Robert William Service
Hero Worship - Poem by Robert William Service
Said he: "You saw the Master clear;
By Rushy Pond alone he sat,
Serene and silent as a seer,
in tweedy coat and seedy hat.
you tell me you did not intrude,
(Although his book was in your hand,)
Upon his melancholy mood . . .
I do not understand.
"You did not tell him: 'I have come
From o'er the sea to speak to you.'
You did not dare, your lips were dumb . . .
You thought a little zephyr blew
From Rushy Pond a touch of him
You'll cherish to your dying day,
Perhaps with tears your eyes were dim . . .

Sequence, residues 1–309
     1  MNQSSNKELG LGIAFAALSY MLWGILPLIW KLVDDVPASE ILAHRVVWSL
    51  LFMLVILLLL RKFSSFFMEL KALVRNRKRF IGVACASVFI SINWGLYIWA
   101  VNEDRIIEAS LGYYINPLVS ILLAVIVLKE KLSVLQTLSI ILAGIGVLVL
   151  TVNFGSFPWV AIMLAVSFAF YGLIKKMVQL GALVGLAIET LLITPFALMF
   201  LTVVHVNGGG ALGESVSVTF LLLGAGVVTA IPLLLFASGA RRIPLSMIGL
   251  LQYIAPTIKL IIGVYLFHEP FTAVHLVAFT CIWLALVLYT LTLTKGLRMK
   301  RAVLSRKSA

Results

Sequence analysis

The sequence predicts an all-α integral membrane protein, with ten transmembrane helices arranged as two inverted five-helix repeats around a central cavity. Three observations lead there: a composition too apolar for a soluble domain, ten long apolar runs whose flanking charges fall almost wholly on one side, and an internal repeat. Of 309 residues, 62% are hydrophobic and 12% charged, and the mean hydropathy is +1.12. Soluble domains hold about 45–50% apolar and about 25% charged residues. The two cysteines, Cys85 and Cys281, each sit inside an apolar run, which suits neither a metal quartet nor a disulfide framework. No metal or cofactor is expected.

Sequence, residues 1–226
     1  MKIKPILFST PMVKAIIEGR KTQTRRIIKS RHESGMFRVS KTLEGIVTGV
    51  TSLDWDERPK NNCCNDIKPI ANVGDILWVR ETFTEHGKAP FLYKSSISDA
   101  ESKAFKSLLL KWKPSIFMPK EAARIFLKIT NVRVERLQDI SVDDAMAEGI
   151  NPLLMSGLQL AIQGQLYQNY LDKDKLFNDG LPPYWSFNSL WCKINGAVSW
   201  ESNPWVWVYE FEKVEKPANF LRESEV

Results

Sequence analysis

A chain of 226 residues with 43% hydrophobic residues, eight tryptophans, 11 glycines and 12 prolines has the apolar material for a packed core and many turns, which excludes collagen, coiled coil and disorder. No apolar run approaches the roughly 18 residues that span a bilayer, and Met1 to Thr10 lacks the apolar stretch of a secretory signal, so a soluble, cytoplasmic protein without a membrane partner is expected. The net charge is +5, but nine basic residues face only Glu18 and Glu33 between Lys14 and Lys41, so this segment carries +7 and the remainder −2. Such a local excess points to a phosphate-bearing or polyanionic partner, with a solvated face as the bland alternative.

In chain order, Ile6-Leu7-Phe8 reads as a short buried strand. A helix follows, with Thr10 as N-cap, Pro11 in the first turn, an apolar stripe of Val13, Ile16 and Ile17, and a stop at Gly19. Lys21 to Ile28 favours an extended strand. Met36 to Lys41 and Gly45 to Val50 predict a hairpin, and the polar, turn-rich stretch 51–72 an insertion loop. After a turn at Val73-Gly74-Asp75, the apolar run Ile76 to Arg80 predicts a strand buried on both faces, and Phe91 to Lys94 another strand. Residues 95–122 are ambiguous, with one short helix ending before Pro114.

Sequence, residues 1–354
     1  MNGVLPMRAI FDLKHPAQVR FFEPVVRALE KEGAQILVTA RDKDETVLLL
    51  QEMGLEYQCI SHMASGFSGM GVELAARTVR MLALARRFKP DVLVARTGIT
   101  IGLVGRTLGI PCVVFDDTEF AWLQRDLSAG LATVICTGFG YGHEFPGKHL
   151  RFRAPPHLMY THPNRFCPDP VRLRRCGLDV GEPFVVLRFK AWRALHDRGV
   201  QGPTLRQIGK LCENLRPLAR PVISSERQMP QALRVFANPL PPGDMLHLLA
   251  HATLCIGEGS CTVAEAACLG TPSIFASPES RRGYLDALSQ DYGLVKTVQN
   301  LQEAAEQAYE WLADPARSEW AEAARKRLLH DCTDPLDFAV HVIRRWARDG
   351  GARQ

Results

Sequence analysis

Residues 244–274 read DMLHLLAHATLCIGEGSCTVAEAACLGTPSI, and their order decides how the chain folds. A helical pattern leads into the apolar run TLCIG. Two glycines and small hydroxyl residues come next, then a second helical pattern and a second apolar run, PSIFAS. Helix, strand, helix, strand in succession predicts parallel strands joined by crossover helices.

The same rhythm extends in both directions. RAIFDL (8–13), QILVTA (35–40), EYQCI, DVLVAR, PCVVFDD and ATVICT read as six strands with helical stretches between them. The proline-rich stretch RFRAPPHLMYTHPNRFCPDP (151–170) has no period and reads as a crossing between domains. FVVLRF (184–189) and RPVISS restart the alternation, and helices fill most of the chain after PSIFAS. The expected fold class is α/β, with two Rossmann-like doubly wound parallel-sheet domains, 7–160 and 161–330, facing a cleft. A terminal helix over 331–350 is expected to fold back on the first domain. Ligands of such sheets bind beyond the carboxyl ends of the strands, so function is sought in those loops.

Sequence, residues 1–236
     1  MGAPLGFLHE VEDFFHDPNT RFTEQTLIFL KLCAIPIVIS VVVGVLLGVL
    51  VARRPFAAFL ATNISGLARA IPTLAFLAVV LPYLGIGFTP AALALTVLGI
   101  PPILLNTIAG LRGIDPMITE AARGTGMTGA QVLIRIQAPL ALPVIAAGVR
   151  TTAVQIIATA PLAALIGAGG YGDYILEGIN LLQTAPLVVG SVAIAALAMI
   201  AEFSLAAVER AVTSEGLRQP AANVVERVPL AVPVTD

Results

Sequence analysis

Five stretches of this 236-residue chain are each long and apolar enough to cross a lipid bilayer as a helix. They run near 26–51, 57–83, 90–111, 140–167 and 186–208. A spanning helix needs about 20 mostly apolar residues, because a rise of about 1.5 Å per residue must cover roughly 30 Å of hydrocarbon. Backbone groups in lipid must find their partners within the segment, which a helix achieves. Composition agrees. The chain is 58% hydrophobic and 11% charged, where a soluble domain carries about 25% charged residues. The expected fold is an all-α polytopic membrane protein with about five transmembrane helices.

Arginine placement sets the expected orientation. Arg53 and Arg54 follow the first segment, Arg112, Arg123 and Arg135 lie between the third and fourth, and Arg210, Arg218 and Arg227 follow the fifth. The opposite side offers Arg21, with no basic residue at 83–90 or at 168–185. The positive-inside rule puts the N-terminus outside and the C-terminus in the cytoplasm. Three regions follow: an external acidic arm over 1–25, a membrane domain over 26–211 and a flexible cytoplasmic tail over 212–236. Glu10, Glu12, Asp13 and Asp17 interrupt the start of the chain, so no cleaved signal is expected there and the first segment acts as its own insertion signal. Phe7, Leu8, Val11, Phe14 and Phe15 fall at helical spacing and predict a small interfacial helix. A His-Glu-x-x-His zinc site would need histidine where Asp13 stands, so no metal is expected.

And then - you went away.
"And down the years you will proclaim:
'O call me dullard, dub me dunce!
But let this be my meed of fame:
I looked on Thomas Hardy once.
Aye, by a stile I stood a span
And with these eyes did plainly see
A little, shrinking, shabby man . . .
But Oh a god to me!'"
Said I: "'Tis true, I scarce dared look,
yet he would have been kind, I'm sure;
But though I clutched his precious book
I feared to beg his signature.
Ah yes, my friend, I merit mirth.
You're bold, you have the right to laugh,
And if Christ came again to earth
You'd cadge his autograph."
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